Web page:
To sharpen my plane and reload the iron in the throat takes me no longer than a minute, including reestablishing the full bevel on coarse abrasive to a macro camber, refining that in three more levels to 1,200 and a final buffing with 30 strokes on the strop to 10,000. Cinching down the cap iron and resetting in the plane itself is included in the minute. It’s a pattern I have used for 55 years to date and it’s this that speeds up my economy levels so that I don’t waste a lick. I think too that this is why more modern makers say this or that can’t be done by hand because it’s too slow. Truth is it’s only slow for them and with good reason. In my youth, I was disciplined to work and work effectively. Mentoring in craft was part of my world. This should be passed on. My apprentices now rarely stop to just chat. Mostly that’s because they are self-disciplined and with that respectful of my time as well.

Patterns work their way into our lives gradually one by one. I arrive at the workshop, park my bike and place my bag where I like it to be. In my workshop, one might be forgiven for believing the drawer filled with tools is a little disordered. So too my other drawers, trays, well and such, but every time I need this or that I follow the same pattern to where the ‘this‘ or ‘that‘ was ad should always be placed when I had last finished with it. This discipline and order of work makes me efficient. Without it I could not function well at all.

My patterns include periodic but regular sweeping, bagging, emptying and restocking, restacking and such. Patterns for stock preparation were given to me, handed down as it were, as were many of the principles of my craft and that includes the handing down of the patterns I speak of by word of mouth, man to boy, master to apprentice, in my realms. Unfortunately in this present age, the ownership of knowledge and skill is not so deep as fewer and fewer skilled craftsmen are around to teach them within those realms I grew with. Respect for master craftsmen was earned by many years even decades of practice. We live in an age of copycats as we all know, a place in a time where the unskilled copy the skilled and present it as if they own something but never actually earned it. It shows in simple things, the flipping of a plane, the alignment of a cap iron or the placement of a chisel edge to the wood. The missing ingredient in today’s world of ever more mass information is, of course, the humility old masters had in the ownership of their well-earned knowledge and skill. Patterns became owned. The pattern of dismantling and assembling things like the many different planes and the sharpening of them, the shaping and sharpening of saw teeth, things such as that, proved their economy through the motion of working. Today it has become more something that puffs up the recipient of knowledge and not the mastery of acts and patterns. That’s all too different.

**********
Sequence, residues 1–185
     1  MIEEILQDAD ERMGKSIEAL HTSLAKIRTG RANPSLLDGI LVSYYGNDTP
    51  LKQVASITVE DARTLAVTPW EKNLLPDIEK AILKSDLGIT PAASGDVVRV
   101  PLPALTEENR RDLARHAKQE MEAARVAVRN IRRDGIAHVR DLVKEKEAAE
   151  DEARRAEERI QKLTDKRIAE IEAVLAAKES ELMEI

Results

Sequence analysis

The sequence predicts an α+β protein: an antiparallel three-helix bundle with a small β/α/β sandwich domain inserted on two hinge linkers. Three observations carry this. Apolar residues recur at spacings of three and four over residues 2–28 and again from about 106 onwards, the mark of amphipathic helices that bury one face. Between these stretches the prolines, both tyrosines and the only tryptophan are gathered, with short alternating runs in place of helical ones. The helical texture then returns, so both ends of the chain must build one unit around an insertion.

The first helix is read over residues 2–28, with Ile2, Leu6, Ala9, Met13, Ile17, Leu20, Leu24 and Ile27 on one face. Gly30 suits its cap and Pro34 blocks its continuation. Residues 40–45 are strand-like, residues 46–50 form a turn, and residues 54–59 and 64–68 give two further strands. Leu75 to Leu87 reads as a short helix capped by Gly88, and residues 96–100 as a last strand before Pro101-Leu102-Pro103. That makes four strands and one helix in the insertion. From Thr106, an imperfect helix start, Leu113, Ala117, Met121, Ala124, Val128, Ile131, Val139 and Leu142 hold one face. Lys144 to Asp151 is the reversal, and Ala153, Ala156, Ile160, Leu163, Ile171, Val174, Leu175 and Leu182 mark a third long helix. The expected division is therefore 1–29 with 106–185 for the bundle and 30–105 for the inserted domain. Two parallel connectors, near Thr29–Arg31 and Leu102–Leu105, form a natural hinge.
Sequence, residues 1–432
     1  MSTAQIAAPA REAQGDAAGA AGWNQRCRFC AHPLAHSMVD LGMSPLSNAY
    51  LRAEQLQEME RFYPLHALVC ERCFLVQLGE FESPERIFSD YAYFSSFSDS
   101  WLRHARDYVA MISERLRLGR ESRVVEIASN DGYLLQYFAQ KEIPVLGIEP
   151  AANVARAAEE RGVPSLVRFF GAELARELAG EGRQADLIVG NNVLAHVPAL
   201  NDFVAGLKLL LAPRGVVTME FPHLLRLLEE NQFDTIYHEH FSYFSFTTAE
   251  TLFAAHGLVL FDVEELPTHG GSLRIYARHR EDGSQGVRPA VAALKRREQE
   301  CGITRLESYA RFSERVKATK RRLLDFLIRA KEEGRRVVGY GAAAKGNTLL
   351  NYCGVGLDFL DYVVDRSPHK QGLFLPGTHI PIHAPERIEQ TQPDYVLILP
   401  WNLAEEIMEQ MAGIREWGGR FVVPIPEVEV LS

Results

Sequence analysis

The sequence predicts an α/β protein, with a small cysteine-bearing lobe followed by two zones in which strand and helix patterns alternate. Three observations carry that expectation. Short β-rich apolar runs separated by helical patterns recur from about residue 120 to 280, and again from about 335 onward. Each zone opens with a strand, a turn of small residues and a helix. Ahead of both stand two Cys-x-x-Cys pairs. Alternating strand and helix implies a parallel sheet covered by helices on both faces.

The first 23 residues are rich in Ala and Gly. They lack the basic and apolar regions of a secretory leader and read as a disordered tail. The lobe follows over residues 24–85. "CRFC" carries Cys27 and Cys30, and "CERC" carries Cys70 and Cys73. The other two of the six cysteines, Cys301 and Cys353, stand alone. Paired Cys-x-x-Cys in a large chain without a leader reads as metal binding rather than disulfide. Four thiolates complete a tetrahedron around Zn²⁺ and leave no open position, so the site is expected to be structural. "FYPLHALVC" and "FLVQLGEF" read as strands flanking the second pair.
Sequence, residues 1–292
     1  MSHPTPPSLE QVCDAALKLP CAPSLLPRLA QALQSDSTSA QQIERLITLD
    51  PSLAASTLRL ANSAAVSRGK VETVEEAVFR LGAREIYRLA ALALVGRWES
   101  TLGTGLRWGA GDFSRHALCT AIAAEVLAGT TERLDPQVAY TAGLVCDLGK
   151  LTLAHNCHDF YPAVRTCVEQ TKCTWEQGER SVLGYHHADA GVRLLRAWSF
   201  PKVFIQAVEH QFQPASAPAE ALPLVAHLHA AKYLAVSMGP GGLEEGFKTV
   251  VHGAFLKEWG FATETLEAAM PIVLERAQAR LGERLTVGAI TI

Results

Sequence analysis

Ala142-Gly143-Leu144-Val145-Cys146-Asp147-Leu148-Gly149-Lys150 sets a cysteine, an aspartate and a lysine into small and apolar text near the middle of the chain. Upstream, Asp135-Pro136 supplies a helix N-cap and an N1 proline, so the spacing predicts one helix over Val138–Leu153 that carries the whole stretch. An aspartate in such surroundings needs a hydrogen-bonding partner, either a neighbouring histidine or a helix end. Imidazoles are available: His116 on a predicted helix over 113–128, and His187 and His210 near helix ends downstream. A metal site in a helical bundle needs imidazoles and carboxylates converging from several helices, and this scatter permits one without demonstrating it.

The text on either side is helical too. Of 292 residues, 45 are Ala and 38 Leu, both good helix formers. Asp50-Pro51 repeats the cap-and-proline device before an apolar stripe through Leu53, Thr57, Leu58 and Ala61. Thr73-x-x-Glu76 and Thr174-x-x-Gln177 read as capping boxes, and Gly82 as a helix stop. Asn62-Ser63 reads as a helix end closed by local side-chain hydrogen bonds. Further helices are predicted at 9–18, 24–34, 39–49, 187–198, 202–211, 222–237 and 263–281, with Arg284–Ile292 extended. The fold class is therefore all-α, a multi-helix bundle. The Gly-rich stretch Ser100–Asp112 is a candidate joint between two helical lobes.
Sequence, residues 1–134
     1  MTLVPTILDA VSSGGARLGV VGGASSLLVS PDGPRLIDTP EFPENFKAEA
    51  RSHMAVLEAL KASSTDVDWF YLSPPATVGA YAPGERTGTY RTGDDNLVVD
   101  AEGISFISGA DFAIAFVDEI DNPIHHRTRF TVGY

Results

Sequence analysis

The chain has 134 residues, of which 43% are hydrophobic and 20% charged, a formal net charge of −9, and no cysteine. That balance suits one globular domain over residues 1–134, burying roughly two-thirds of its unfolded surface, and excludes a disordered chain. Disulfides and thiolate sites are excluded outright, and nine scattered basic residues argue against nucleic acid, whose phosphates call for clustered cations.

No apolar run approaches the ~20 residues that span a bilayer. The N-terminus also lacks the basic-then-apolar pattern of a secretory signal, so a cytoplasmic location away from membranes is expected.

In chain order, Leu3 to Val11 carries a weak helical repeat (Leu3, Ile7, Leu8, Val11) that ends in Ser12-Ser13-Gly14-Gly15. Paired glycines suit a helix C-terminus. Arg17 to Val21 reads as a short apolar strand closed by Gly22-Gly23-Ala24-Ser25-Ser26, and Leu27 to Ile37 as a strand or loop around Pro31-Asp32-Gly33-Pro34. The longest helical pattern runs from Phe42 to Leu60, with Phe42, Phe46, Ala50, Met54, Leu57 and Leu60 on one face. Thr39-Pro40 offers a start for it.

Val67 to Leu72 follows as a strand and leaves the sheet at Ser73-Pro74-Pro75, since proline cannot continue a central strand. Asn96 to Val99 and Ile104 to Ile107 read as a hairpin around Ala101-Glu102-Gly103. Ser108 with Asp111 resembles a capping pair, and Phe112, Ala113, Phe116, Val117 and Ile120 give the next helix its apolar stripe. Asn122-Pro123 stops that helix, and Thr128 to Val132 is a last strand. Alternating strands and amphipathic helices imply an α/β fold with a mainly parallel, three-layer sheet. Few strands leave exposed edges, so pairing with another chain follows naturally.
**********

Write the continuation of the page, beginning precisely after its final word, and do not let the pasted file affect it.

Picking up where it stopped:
My day begins with patterns established first by considerations. Either the previous day or on the day of my setting out I must think through the things that I must attain to. I consider everything I want to do and then prioritise my work. This, for me, is pattern making. I am establishing thought patterns first followed by planning patterns. A note on a pad or in my brain reminds me of stages of planning.

More on this soon.

30 Comments

  1. Tad on 27 February 2020 at 11:31 pm

    Thanks for your comments about the unskilled copycats. I watch far more YouTube than I should, and I am amazed by how many copycats there are but more importantly, how very few, again very few, truly skilled craftsmen out there. One thing that I now watch for is; how the presenters hold and use their hand planes. It is very telling, it shows me right away if they really are comfortable with it in their hands. You can tell that for 99.9% of them, they are not truly comfortable yet, they have not put in the time to get a grasp (or the correct lack thereof) of how to hold the plane and use it efficiently. Watch how their hands wrap around the tote and the front knob. They look and act like something is going to try and pull it out of their hands. While working on planning a board, the motion is not fluid, and a bit abrupt. It is difficult to describe, but it is very evident just by watching them, they really don’t know any more than a regular woodworker. The more Youtube I watch, the less I see, if you know what I mean.